Device functional data associated with the received wireless identifier is identified (510). For example, the repository manager 162 can identify a matching wireless device identifier in the data store 164, and thereby identify device functional data, e.g., cluster data and/or binding data, with the received wireless device identifier.

In some implementations, the identified device functional data is transmitted to the access device (512). For example, the repository manager 162 can transmit the identified device functional data to the coordinator 122. In some implementations, the device functional data can also be transmitted with the correspond wireless device identifier as a identifier-functional data pair if the device manager does not associate received device functional data with prior transmitted device functional data requests, such as in the case of the device managers being stateless managers.

The access device receives the identified device functional data (514). For example, the coordinator 122 can receive the device functional data for the wireless device that provided a MAC address, and can store the device functional data in the location database 132.

The access device establishes control of the wireless device using the device functional data (514). For example, the coordinator 122 can establish control of the wireless device by use of the cluster data provided from the repository manager 162.

In some implementations, the identified device functional data is transmitted to a service provider (518). For example, the repository manager 162 can transmit the identified device functional data to service provider 180. In some implementations, the device functional data can also be transmitted with the corresponding wireless device identifier.

The service provider receives the identified device functional data (520). For example the repository interface 182 can receive the device functional data from the repository manager.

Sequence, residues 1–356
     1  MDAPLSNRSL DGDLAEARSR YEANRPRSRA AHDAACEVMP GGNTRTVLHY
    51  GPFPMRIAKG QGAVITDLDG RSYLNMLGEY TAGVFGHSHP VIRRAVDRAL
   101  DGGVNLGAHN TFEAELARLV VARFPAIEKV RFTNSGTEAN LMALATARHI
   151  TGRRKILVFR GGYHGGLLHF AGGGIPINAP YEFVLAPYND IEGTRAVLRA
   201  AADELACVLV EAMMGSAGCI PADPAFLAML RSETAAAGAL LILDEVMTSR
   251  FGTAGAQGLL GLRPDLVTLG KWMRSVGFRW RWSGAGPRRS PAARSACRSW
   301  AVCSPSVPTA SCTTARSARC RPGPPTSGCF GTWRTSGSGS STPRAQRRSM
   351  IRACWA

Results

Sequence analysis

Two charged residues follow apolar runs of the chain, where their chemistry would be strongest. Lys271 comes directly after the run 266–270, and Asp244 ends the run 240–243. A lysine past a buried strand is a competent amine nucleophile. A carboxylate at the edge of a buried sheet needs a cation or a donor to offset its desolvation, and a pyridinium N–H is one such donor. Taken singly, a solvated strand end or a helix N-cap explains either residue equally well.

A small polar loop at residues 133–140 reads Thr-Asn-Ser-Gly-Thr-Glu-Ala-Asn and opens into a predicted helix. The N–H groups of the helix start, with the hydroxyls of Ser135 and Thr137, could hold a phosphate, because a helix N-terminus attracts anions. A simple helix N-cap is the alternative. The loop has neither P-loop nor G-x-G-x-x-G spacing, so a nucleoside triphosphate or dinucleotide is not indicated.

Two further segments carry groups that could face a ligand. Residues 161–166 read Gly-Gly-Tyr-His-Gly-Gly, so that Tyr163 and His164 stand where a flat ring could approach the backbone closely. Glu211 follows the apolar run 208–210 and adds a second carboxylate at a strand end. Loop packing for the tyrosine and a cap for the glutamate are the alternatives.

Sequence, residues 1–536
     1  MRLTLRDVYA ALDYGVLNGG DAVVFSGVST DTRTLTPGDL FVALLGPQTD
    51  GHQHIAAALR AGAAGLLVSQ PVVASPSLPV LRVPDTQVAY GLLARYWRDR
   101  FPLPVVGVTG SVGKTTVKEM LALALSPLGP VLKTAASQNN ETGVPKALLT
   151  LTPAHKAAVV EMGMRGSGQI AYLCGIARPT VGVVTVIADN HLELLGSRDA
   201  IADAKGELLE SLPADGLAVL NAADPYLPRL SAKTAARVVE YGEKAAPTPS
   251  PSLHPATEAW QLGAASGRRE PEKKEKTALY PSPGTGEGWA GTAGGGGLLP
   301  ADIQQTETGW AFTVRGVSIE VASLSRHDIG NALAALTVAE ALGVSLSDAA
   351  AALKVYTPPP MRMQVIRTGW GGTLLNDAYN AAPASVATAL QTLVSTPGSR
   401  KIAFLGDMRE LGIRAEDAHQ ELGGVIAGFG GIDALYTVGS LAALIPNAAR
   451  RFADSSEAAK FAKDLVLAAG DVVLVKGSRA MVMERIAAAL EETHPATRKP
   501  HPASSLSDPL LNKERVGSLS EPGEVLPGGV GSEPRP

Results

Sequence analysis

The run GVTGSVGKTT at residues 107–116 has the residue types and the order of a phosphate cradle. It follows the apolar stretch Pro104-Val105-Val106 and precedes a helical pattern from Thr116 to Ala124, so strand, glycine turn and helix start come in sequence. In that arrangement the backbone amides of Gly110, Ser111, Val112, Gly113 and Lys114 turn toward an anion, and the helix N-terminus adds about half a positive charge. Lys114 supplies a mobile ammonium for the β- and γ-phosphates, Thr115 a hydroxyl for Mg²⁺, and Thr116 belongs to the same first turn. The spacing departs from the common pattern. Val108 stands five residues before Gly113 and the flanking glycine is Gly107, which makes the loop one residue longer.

The service provider establishes control of the wireless device using the device functional data (522). For example, the service provider 180 can establish control of the wireless device by use of the cluster data provided from the repository manager, and by communications with the coordinator 122. Such control can be used to provide services, such as utility management.

FIG. 6 is a flow chart of an example process 600 for populating a device manager repository with wireless device data. The process 500 can be implemented in the device in the repository manager 162 and the service provider by use of the repository interface 172 of FIG. 1, and as indicated by the process partition line 601.

Wireless device data to provide to the wireless device data repository is identified (602). For example, a manufacturer 170 can identify a MAC address (or other quasi-unique or unique device identifier), an encryption key, and optional device functional data of the devices that it manufactures.

Login credentials are provided to the wireless device data repository (604). For example, the manufacture 170 can provide login credentials to the repository manager 162 by use of the repository interface 172 and a secured channel, e.g., by using an SSL or SSH secured communication.

The login credentials are received at the wireless device data repository (606). For example, the repository manager 162 can receive the login credentials from the manufacturer 170.

The login credentials are processed to determine whether the credentials are valid (608). For example, the repository manager 162 can determine whether the credentials are valid credentials.